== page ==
Crowd Welcomes Teemu. Jets Outlast His Team.

Nation World HQ
December 17 2011 08:15PM

It was a warm, wonderful welcome for former Winnipeg Jets hero, Teemu Selanne, at MTS Centre Saturday night. There was a feature on his career on the big video board. The crowd gave him a standing ovation when he came out for his first shift. The fans even started playing this silly game in which they would boo every Ducks player who touched the puck and then cheer when Selanne touched it.

"It was kind of comical," said Zach Bogosian, the game's first star with a goal and two assists. "Our fans always boo the other team's top players, but what we saw tonight is something I've never seen before."

It was fun and, in a strange Winnipeg kind of way, rather classy. In fact, it looked like "old jersey" night. Even Jets fans who owned new jerseys, broke out the old royal blue, white and red jerseys from the 90s. There were more Selanne Jets jerseys than Ladd Jets jerseys on Saturday.

"The emotion was very high," said Selanne after the game. "I tried to stay focused, but I was very emotional. It was just a great feeling. Even in the warm-up, just seeing all the signs and the No. 13, all the Winnipeg Jets jerseys. I felt like everybody was watching me."

They were.

Of course, by the middle of the second period, it didn't matter anymore, Anaheim's Dan Ellis should have been charged with impaired goaltending as he fanned on five shots and the Jets hung on to beat Selanne's Ducks 5-3.

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Only in Winnipeg

Nation World HQ
December 17 2011 01:18PM

It could have only happened in a small town on the prairies that had been deprived of the National Hockey League for 15 years. It started when more than 50 people met the Anaheim Ducks' bus at 2:40 a.m. in front of Winnipeg's Fairmont Hotel to get a glimpse -- and maybe even an autograph -- of a hockey player who hadn't played in Winnipeg for 15 years. Then, the Ducks' coaching staff decided that to avoid the oncoming media frenzy, it should call a 10:15 a.m. news conference just to appease the Winnipeg public's insatiable appetite to hear the words of just one player.

Think about this for a second: Teemu Selanne is a 41-year-old Ducks rightwinger who once played in Winnipeg. In fact, he played 3 1/2-seasons in the 'Peg between 1992-96. He played in only 231 regular season games, scored 147 goals and 306 points. He holds the Jets 1.0 records of 76 goals, 132 points, 24 power play goals 387 shots and five hat-tricks in a single season. But he hasn't played in Winnipeg for almost 15 years!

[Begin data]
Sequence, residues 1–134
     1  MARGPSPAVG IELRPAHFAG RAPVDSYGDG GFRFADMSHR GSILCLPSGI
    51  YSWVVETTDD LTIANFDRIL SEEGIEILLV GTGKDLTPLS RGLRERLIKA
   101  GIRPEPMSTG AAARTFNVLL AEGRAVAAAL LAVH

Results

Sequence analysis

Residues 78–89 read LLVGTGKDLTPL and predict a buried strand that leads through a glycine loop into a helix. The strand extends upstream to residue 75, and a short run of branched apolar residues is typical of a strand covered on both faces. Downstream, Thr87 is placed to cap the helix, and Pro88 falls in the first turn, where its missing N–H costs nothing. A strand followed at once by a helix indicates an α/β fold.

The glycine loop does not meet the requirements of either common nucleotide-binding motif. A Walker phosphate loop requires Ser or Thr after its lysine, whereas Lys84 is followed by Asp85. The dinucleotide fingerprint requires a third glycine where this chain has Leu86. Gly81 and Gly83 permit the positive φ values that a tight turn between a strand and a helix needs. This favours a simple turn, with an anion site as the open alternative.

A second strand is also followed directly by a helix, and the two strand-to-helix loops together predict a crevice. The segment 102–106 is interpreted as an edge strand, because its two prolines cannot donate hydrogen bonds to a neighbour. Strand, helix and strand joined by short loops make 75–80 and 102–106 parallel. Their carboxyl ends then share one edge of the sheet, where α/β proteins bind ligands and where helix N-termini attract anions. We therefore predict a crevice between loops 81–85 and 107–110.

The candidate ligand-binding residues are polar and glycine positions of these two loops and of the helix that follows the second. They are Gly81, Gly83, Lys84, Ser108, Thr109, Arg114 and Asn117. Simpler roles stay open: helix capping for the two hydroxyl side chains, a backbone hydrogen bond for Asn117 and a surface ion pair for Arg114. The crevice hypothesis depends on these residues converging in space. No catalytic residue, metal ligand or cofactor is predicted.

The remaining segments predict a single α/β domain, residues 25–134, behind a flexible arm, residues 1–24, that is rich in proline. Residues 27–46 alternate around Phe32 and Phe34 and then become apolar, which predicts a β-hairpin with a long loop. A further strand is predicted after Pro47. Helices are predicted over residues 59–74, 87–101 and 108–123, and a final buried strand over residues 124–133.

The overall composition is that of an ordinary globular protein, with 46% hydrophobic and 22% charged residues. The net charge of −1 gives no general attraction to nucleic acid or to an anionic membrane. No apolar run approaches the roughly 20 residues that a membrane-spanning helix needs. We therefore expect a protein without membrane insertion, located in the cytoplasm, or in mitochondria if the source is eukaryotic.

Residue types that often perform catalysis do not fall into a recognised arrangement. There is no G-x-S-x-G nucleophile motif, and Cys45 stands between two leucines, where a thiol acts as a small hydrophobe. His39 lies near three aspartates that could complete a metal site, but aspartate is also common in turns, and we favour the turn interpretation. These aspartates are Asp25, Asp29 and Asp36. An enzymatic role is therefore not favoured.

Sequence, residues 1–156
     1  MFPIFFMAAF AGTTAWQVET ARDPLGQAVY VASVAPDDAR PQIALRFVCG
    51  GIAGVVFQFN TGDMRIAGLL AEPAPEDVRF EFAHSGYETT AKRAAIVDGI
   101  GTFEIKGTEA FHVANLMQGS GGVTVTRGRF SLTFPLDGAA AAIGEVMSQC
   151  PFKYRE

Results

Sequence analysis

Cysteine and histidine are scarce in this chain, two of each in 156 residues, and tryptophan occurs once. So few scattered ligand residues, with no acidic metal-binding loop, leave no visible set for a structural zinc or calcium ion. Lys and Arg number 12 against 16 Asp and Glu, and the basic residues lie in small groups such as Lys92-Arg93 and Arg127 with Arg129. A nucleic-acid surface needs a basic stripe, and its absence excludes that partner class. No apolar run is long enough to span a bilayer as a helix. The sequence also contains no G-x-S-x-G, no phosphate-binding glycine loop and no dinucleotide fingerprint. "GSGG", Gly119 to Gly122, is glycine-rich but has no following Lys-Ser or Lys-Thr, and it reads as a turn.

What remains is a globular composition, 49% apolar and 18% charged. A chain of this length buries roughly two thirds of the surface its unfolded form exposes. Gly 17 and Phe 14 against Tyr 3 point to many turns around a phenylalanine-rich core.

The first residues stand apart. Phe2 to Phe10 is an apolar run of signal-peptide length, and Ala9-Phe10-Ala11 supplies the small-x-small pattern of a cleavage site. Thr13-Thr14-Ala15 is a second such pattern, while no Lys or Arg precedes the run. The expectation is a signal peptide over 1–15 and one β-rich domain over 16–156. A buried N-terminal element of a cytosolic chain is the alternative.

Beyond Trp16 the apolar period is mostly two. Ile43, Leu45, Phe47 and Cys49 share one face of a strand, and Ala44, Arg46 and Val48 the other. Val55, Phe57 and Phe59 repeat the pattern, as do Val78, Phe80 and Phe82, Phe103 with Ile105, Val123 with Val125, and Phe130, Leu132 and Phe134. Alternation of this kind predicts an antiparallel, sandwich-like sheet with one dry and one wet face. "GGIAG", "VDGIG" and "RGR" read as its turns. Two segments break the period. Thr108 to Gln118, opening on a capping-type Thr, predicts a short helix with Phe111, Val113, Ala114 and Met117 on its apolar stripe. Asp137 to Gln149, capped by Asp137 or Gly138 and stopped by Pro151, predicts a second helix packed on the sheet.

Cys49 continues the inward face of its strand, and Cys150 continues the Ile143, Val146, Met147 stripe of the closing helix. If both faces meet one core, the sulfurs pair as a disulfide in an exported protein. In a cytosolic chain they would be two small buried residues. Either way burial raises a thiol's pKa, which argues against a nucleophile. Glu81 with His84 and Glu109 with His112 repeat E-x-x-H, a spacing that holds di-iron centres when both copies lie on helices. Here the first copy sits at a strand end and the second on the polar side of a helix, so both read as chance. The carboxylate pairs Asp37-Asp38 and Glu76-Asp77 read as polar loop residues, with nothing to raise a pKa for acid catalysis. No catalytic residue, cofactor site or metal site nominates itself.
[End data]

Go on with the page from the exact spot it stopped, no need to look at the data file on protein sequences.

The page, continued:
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Robert Cleave
December 17 2011 02:00AM


Time, as we're so often reminded, has the ability to repair us after we've been injured. Wounds heal, indignities fade into memory's recess, and we get on with our lives, more or less whole. That's the conceit that most of us live by, and when we face something that disappoints us, like a hockey player moving on from our favourite team, the world gets back on its axis after no more than a few flips of the calendar. 

That's how things work under normal circumstances, at least. Tonight, though, presents Winnipeggers with a chance to experience something decidely abnormal, as one of the city's beloved adopted sons returns for a farewell visit in what are some fairly improbable circumstances. 

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The Problem With Mike Milbury

Jonathan Willis
December 16 2011 02:49PM

Today, CBC hockey analyst Mike Milbury was charged with assault in relation to an incident that occurred with an opposing player as he helped coach his son’s pee wee hockey team.

How serious the incident was is not entirely clear; but from the reports today it sounds like it’s fairly unexceptional hockey parent behaviour. That may change depending on what exactly Milbury said – the reports also indicate he was charged with uttering threats, after all – but everyone who has spent any amount of time around the game has seen, heard or at the very least read about the line-crossing actions of hyper-competitive hockey moms and dads.

The actions alone weren’t the reason the internet quickly filled with Mike Milbury jokes this morning.

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December 16 2011 11:45AM

In the first part of a special feature to the Nation Network, we are proud to introduce a guest columnist -  WJC Team Canada alumni Brian Sutherby. As a member of the 2002 Silver Medal winning Canadian team, he knows a thing or two about a thing or two. And throughout the 2012 WJC he will be sharing his thoughts on the tournament and memories from his run to the Finals. - WG

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